By Matthew Fingerett
SB 1, a bill that had passed by the state senate and assembly in their most recent attempt to prevent the federal rollbacks of the Endangered Species Act of 1973 (ESA).
The bill would have adopted the Clean Water Act, Fair Labor Standards Act, the Clean Air Act, the Endangered Species Act and other regulations into California law without the changes made to the acts by the current administration.
Last month, the Department of the Interior (DOI) issued a press release in an attempt to explain the Trump administration’s alleged improvements to the ESA. “The best way to uphold the Endangered Species Act is to do everything we can to ensure it remains effective in achieving its ultimate goal—recovery of our rarest species” explained DOI Secretary David Bernhardt, former oil industry lobbyist with a history of suppressing science.
At the top of the Trump administration’s agenda is not to recover or protect any species, but to ravage public lands for fossil fuel extraction and corporate profit at their expense. The DOI and the Department of Commerce suggested one of the new provisions in the ESA that would allow for the consideration of economic consequences to take precedence over protecting the environment. The change limits the ability for climate crisis to be considered in determining what species make it on or off the endangered list, effectively gutting the ability to consider context beyond capital – morality be damned; the ecosystem that sustains both human and animal life be damned.
One of the champions of protecting capital above life is Richard Pombo, a mining and water management lobbyist who was formerly a California congressman. Richard Pombo has been an advocate for weakening the ESA for a long time and his desire is disappointingly becoming a reality. One of the more battled issues revolves around pumping more irrigation water from the vulnerable Sacramento-San Joaquin River Delta, host to endangered species like the chinook salmon and steelhead trout. Private interests have a history of extracting water from California – including during droughts – then commodifying it and selling it back to us in bottles.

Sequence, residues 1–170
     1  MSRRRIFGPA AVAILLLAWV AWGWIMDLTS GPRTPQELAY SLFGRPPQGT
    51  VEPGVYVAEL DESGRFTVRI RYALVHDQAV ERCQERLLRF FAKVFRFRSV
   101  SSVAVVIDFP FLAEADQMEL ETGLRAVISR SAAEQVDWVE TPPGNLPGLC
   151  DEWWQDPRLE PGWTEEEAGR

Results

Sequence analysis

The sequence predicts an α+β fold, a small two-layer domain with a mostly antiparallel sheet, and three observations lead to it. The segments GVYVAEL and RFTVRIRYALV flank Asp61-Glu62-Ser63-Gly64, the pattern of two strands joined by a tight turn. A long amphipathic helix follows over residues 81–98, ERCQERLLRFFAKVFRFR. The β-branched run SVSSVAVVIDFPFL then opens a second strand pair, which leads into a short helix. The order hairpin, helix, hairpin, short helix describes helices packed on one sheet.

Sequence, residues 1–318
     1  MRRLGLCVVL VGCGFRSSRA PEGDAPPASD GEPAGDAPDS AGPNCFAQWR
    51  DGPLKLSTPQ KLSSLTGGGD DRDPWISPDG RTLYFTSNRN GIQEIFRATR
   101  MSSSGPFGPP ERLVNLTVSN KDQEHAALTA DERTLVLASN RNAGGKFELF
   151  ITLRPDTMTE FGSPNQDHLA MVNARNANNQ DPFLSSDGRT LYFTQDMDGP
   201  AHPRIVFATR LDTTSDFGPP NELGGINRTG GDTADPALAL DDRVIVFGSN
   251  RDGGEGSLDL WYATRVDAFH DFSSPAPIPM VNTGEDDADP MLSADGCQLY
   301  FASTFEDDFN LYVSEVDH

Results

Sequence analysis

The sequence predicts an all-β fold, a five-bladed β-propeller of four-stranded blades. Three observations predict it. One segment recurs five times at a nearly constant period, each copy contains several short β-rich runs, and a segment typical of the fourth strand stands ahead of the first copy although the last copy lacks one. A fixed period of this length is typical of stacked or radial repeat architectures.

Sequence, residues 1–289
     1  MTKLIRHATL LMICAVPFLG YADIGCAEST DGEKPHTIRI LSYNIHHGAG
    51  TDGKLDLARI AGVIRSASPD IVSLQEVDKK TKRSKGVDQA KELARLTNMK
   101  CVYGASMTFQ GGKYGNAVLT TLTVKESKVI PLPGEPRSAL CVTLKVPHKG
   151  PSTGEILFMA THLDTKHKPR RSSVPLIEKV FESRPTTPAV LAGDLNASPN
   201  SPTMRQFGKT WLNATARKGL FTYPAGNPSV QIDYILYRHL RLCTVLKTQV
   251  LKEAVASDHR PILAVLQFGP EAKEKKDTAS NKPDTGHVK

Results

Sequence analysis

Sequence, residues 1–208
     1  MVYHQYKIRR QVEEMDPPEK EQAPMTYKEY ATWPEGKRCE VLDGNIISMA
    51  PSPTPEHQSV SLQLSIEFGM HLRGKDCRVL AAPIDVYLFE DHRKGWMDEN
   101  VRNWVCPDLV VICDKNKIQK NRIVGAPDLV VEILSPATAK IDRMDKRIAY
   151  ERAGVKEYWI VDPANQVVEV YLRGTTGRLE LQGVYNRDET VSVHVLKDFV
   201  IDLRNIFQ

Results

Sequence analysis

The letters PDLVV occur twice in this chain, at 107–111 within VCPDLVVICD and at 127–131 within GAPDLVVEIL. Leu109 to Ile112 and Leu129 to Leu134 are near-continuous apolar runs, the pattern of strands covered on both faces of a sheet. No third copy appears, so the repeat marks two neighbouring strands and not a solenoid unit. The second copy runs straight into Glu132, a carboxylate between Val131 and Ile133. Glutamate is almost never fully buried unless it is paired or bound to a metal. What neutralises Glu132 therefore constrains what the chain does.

Newsom has decided to side with corporate interests, mining and water management companies, David Bernhardt, Richard Pombo, and the Trump administration in his potential decision to veto a bill that was passed by the senate 26 to 14 and the assembly 43 to 21. Newsom said the bill “does not provide the state with any new authority to push back against the Trump administration’s environmental policy.”
Ultimately, the bill would have allowed California to have new authority to push back against the Trump administration’s environmental policy. The policies of SB 1 were aimed to protect our supply of natural resources, clean water, air, and endangered species that depend on them. Newsom claims to support the principles behind the bill, but the action of vetoing it is a more powerful indicator of where his loyalty lies than any words coming out of his mouth.
While the future is uncertain, an SB 1 coalition of environmental justice groups as well as individual activists remain committed to protecting our environment.